Fotoeins Fotografie

the visible wor(l)d, between 🇨🇦 and 🇩🇪

Posts from the ‘Expression’ category

Photography as personal expression

My Berlin: Hauptstadt Memories, 2010-2011

Above: “Pe(a)rlin’ in Berlin”, Hackescher Markt – 16 March 2011 (HL).

Berlin is one of my favourite cities in the world. From the moment I stepped foot inside the German capital city for the first time in 2002, it’s been an ongoing love story. I’m convinced the “Hauptstadt” will always be worth photographing; it’s my “long game.” Naturally, there are a massive number of sights throughout Berlin, and I’ve always combined public transport with plenty of walking. In fact, traveling 10 to 20 kilometres per day throughout the city is pretty much the norm. These photographs are personal observations and measurements of location, geometry, and motion.

The pictures and memories may be from years past, but all of the them retain their contemporary nature: images which include quiet snowy Christmas, an important memorial, and pieces of architectural design.


Neues Museum, Hauptstadt, Berlin, Germany, fotoeins.com

“Closing time”, Neues Museum – 24 December 2010 (HL)

Bahnhof Potsdamer Platz, Potsdamer Platz, Hauptstadt, Berlin, Germany, fotoeins.com

“Vacant”, Bahnhof Potsdamer Platz – 24 December 2010 (HL)

2. Weihnachtstag, Boxing Day, Berlin Hauptbahnhof, Berlin, Germany, fotoeins.com

“2. Weihnachtstag (2nd day of Christmas)”, Hauptbahnhof – 26 December 2010 (HL)

U6 Stadtmitte, Mohrenstrasse Ecke Charlottenstrasse, Berlin, Germany, fotoeins.com

“Blizzard”, Mohrenstrasse at Charlottenstrasse – 27 December 2010 (HL)

Jüdischer Friedhof, Grosse Hamburger Strasse, Spandauer Vorstadt, Berlin, Germany, fotoeins.com

“Nie wieder (never again)”, Old Jewish Cemetery – 16 March 2011 (HL); see also here and here

Domaquarée, Karl-Liebknecht-Strasse, Berlin, Germany, fotoeins.com

“Duo”, CityQuartier DomAquarée – 17 March 2011 (HL)

Bahnhof Friedrichstrasse, Berlin, Germany, fotoeins.com

“Shiny”, Bahnhof Friedrichstrasse – 19 March 2011 (HL)

Ritz Carlton, Bahnhof Potsdamer Platz, Potsdamer Platz, Berlin, Germany, fotoeins.com

“Dusk”, Beisheim Center – 19 March 2011 (HL)


Postscript: As I look at these pictures years later, I wondered how I came to make many pictures of stairs and escalators in the relative quiet of the city around Christmas 2010. Had I already subconsciously incorporated the way I was seeing the world through my pictures my big life transition the following year (2011)?

More Hauptstadt Memories

•   My Berlin: Mitte on Christmas Eve (2010)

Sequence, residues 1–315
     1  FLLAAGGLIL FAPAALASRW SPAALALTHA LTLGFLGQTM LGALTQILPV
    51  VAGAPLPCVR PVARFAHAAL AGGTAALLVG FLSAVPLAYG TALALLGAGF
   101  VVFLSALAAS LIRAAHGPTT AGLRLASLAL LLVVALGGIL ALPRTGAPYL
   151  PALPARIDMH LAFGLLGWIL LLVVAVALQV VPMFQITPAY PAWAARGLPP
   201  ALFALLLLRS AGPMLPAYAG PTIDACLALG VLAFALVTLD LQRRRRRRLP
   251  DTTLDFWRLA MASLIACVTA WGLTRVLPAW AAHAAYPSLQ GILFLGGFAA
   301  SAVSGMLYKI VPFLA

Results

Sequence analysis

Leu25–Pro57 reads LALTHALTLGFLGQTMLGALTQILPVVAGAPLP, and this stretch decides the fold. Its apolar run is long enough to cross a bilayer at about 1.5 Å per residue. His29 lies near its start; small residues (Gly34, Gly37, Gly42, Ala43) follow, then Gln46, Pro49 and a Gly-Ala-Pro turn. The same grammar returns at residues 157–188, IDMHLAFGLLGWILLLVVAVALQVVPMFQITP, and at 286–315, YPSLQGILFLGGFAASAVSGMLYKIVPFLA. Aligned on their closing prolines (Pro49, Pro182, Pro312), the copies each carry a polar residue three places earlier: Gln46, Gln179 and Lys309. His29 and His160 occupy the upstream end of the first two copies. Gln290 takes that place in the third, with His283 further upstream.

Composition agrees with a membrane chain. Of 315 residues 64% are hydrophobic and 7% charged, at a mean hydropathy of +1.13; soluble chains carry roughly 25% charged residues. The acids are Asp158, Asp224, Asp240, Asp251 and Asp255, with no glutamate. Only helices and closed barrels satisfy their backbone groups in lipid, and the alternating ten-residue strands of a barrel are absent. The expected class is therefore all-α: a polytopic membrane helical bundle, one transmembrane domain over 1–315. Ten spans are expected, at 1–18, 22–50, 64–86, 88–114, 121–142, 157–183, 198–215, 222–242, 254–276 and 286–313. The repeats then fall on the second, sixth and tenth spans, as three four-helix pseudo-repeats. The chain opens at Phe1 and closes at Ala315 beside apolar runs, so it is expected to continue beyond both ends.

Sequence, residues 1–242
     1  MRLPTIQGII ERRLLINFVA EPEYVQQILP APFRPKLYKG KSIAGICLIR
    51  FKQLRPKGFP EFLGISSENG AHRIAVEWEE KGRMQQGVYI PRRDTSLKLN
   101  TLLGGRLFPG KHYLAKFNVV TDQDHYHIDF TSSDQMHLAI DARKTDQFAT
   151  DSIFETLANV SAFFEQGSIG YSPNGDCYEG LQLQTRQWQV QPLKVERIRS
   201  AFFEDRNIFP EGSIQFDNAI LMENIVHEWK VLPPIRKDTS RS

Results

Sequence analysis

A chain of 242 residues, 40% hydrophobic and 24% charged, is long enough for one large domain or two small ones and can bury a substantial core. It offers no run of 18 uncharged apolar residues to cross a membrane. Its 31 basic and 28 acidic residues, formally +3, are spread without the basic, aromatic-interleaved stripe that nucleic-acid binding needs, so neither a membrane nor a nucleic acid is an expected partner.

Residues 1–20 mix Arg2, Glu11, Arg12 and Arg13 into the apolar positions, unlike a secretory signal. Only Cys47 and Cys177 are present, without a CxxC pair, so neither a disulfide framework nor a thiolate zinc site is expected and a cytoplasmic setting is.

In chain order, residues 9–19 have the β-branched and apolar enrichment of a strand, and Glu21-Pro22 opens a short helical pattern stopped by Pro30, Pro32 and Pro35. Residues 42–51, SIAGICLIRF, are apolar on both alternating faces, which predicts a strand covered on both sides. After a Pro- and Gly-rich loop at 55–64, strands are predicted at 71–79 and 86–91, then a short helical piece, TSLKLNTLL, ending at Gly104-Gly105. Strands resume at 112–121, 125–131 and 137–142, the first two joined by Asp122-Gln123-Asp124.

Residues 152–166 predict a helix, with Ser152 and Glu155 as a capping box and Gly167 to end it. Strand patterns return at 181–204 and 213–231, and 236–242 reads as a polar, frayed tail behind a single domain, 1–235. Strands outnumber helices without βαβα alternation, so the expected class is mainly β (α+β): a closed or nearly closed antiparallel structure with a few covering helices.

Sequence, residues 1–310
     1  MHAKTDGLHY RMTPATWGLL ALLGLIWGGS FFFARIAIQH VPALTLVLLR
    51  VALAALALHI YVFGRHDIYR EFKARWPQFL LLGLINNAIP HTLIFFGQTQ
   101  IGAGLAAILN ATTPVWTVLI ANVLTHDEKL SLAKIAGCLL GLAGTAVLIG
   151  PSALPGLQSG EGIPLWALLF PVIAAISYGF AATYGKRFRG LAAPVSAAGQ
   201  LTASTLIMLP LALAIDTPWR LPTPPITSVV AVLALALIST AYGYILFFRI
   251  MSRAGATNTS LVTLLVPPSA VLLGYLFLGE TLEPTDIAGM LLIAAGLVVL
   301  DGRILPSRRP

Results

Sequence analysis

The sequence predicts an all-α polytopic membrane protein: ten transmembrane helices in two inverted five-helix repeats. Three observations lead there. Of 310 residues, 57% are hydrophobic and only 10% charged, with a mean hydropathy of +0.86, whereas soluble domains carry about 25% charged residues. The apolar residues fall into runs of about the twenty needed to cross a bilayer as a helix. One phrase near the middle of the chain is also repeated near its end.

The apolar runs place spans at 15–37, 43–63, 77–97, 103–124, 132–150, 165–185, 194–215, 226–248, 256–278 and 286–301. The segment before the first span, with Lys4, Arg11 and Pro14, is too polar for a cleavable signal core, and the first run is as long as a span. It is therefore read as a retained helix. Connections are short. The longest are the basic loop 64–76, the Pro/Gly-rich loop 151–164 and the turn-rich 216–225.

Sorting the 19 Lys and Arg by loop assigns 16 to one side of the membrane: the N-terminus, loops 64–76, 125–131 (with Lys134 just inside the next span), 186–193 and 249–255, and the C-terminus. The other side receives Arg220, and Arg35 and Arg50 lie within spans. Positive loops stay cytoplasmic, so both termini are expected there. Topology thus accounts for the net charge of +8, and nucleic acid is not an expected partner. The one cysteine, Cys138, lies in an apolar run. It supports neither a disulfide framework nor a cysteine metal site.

•   2009 to 2010
•   2005 to 2009

I made the pictures above on 24-27 December 2010 and 16-19 March 2011. This post appears on Fotoeins Fotografie at fotoeins DOT com as http://wp.me/p1BIdT-aps.

The place where I died

With these pictures, I explore the perspective of witnessing a parent’s unstoppable decline to the end. While there are no pictures of my father in this set, I give voice to growing distress at his final journey as my gaze drifted externally to the hospital itself and immediate surroundings. Northern summers, specifically August, now mean something entirely different.

On 19 July 2014, Dad was taken to Vancouver’s St. Paul’s Hospital after he had a minor fall down the stairs at home. No bones were broken, which was remarkable considering his worsening health in the final stages of cancer. He would never return to the house in which he and Mum had bought and lived since 1976. By the 2nd week, he had been moved to the Palliative Care Unit (PCU) on the 10th floor. The wonderful hospital staff took great care of him and other patients in the unit. Dad charmed the PCU staff by chatting with them in broken English; it was his way of exerting some measure of control. By the 3rd week of his hospital stay, his mind and spirit had departed, and he had become completely unresponsive. Over the next five days, his body remained, breathing steady, though often shallow and laboured. He was calm and at peace, and thanks to the meds, with diminished pain. I was with Dad a part of every day for the following 21 days until his death on 9 August; he had celebrated his 82nd birthday a few weeks earlier.


Palliative Care Unit, St. Paul's Hospital, Vancouver, BC, Canada

(1) Inside the room

Palliative Care Unit, St. Paul's Hospital, Vancouver, BC, Canada

(2) Out the window